The idea that parents should be intimately involved in the refeeding of their children can be quite controversial, a departure from the conventional notion that the dynamic between parent and child causes or contributes to the anorexia. Many therapists advocate a "parentectomy," insisting that parents stay out of the treatment to preserve the child's privacy and autonomy. They say that a child must "choose" to eat in order to truly recover. Maudsley advocates see the family as the best chance a child has for recovery; no one else knows the child as well or has the same investment in the child's well-being. That felt right to us.
Over the last few years, most eating-disorders researchers have begun to think that there is no single cause of anorexia, that maybe it's more like a recipe, where several ingredients — genetics, personality type, hormones, stressful life events — come together in just the wrong way. Maudsley practitioners say that focusing on the cause is secondary, ultimately, because once the physiological process of starvation kicks in, the disease takes on a life of its own, unfolding with predictable symptoms, intensity and long-term consequences. Anorexics become almost uniformly depressed, withdrawn, enraged, anxious, irritable or suicidal, and their thinking about food and eating is distorted, in part because the brain runs on glucose, and when it has been deprived over a long period of time, when it's starved, it goes haywire. It's important to get the patient's weight up, fast, because the less time spent in starvation, the better the outcome. Adult anorexics who have been chronically ill for years have much poorer prognoses than teenagers.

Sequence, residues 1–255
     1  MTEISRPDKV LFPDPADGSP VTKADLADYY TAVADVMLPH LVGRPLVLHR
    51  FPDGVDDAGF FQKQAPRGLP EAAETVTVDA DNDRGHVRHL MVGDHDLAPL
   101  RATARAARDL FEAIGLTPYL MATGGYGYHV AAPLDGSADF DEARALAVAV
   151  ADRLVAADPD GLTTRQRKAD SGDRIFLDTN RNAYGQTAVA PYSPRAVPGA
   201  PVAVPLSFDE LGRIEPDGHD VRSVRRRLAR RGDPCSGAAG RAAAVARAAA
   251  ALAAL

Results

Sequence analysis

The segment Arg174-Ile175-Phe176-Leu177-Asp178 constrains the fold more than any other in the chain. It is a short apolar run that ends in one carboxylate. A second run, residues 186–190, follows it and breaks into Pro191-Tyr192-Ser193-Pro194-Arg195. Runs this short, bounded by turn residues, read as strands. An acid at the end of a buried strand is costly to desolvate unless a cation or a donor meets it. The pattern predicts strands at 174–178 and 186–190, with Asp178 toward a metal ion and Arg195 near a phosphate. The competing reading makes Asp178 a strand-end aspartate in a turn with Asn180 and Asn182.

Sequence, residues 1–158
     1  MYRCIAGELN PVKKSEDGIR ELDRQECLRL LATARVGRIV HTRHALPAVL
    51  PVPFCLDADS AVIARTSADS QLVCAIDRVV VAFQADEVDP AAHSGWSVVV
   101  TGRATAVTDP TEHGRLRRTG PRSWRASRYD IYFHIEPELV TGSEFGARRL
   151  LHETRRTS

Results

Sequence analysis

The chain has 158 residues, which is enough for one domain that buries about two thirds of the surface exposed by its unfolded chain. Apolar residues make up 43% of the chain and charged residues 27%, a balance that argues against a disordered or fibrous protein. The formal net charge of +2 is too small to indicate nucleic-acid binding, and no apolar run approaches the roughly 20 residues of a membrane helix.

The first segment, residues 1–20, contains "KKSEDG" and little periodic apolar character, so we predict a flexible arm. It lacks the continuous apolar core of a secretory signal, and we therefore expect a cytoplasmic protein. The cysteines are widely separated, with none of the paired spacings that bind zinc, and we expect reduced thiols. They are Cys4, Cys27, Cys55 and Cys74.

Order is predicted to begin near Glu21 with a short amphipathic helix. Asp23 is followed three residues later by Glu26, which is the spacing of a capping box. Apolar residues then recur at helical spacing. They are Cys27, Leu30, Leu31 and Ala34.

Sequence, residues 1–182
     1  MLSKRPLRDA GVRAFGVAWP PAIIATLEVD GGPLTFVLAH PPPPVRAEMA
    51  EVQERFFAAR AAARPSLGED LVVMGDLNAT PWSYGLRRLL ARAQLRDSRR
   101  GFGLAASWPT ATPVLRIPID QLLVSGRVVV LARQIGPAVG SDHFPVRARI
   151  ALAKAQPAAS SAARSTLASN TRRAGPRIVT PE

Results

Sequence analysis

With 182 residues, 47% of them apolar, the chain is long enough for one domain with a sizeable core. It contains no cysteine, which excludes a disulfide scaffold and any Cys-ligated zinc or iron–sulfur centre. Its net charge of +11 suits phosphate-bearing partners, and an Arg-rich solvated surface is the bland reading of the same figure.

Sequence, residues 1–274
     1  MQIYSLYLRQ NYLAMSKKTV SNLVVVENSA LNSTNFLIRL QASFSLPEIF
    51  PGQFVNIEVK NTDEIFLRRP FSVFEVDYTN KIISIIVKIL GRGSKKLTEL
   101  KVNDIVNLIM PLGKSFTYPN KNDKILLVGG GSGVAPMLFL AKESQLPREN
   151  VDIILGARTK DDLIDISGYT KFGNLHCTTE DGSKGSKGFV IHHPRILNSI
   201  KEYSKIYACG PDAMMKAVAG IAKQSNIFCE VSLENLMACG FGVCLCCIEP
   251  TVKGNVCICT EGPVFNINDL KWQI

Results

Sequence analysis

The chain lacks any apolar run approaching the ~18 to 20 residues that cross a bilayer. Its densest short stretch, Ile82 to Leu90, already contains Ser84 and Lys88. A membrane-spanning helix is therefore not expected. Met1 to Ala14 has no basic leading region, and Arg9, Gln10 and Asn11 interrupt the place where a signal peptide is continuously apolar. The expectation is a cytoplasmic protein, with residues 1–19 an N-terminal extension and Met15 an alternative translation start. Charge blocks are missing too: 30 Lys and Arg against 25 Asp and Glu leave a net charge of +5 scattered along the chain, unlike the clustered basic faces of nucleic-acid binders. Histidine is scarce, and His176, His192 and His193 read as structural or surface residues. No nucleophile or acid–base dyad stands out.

I called Daniel Le Grange, an associate professor of psychiatry at the University of Chicago, who directs the eating-disorders program there. Le Grange spent five years training at Maudsley Hospital in England, and he and James Lock, a professor of child and adolescent psychiatry and pediatrics at Stanford, have written Maudsley treatment manuals for physicians and therapists and a book for parents. The two are in the middle of a $4 million N.I.H.-financed study designed to measure the effectiveness of the Maudsley approach. Le Grange compared anorexia to cancer. "If you leave it, it's going to metastasize," he said. "You need to figure out an aggressive way to eradicate it as quickly as you can. You're not going to hear an oncologist say, 'Oh, it's Stage 0 cancer, let's wait till it becomes Stage 3.' "